What the Rams might want in a receiver

More than a few 2011 NFL mock drafts are sending Alabama receiver Julio Jones to the St. Louis Rams with the 14th overall choice.

The pairing makes sense on multiple levels.

The Rams do need help at wide receiver. They could use a legitimate No. 1 wideout to build around. They need weapons in general as they build around quarterback Sam Bradford. And if Jones were available at No. 14, he might represent strong value as well.

Jones is a huge receiver. Alabama lists him at 6-foot-4 and 220 pounds. Every team in the league could use a talented receiver with such impressive size.

The Rams in particular could favor bigger receivers now that Josh McDaniels is their offensive coordinator. The chart shows every wide receiver McDaniels' teams have drafted since he cracked the NFL with New England a decade ago. A few observations:

  • The receivers averaged about 6-1 and 208 pounds even with the diminutive Deion Branch factoring into the equation. Branch, at 5-9 and 195 pounds, was the exception. Seven of the nine receivers on the list were at least 6 feet tall.

  • McDaniels had control over personnel during his two seasons with Denver. The team drafted three receivers during those years. All three were at least 6 feet tall. Two of the three stood 6-3 and weighed at least 220 pounds.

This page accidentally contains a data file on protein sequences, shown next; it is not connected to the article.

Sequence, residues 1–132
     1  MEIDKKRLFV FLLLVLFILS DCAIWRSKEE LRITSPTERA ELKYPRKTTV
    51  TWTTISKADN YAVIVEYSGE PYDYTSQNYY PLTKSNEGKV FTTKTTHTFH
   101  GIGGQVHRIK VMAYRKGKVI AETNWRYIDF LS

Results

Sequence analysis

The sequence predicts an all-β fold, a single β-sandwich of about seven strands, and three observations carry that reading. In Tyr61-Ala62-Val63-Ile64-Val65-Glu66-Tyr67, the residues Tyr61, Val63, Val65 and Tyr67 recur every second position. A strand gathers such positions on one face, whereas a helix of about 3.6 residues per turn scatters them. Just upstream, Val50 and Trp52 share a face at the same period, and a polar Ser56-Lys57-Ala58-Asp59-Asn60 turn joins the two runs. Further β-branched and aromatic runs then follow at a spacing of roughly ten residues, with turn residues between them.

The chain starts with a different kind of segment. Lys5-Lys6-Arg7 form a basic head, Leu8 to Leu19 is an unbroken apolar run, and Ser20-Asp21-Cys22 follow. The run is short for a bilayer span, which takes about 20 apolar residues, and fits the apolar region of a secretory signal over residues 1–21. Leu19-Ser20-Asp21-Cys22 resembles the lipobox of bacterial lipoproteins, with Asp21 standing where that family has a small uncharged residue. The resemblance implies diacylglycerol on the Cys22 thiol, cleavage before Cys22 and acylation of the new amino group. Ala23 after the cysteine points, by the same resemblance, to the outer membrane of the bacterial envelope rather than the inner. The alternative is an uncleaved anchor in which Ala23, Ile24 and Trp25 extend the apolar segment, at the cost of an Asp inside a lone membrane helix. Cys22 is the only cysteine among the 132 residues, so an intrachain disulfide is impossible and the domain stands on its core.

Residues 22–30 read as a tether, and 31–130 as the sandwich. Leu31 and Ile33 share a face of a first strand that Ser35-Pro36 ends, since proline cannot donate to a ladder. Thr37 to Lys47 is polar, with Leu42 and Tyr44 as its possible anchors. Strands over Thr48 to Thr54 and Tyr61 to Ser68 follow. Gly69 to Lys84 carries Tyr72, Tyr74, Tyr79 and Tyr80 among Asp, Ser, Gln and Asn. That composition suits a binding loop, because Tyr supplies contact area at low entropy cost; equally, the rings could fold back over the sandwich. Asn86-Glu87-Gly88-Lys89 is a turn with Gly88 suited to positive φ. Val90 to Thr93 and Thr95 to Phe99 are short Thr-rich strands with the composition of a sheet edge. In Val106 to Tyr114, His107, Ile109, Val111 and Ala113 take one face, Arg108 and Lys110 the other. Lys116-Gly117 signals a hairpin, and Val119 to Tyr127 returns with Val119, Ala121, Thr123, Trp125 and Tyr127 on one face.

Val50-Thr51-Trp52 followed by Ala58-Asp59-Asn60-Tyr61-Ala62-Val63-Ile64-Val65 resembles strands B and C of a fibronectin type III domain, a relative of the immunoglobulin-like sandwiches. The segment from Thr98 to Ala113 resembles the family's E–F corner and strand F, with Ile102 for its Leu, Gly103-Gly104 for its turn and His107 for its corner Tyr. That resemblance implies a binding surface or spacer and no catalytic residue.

• The Broncos drafted two receivers in the first three rounds under McDaniels in 2010.

  • The Rams' general manager, Billy Devaney, has never been with a team that used a first-round choice for a receiver. It's no given the Rams will draft one in the first round. McDaniels' teams have used one first-rounder for a receiver.

  • On a side note, McDaniels gets credit for helping receiver Brandon Lloyd enjoy a breakout season with the Broncos in 2010. Perhaps McDaniels can help one of the Rams' current receivers enjoy similar success. Lloyd's contract expires after the 2011 season. Also, Devaney was part of the San Francisco 49ers' front office when the team made Lloyd the 124th player drafted in 2003.

  • The Patriots have had more misses than hits at receiver over the years. McDaniels' history with the team doesn't reflect well on anyone's ability to evaluate the position.

  • Size trumps speed in looking at the receivers in the chart below. In some cases, the Patriots valued players for getting in and out of their breaks -- think Branch -- over straight-line speed.

I'll be ramping up draft-related coverage as the week progresses. Steve Muench of Scouts Inc. has been studying the college players closely. We'll turn our attention to the NFC West in our next conversation, coming up soon.

Josh McDaniels File: Wide Receivers

The chart shows wide receivers McDaniels' teams have drafted over the years.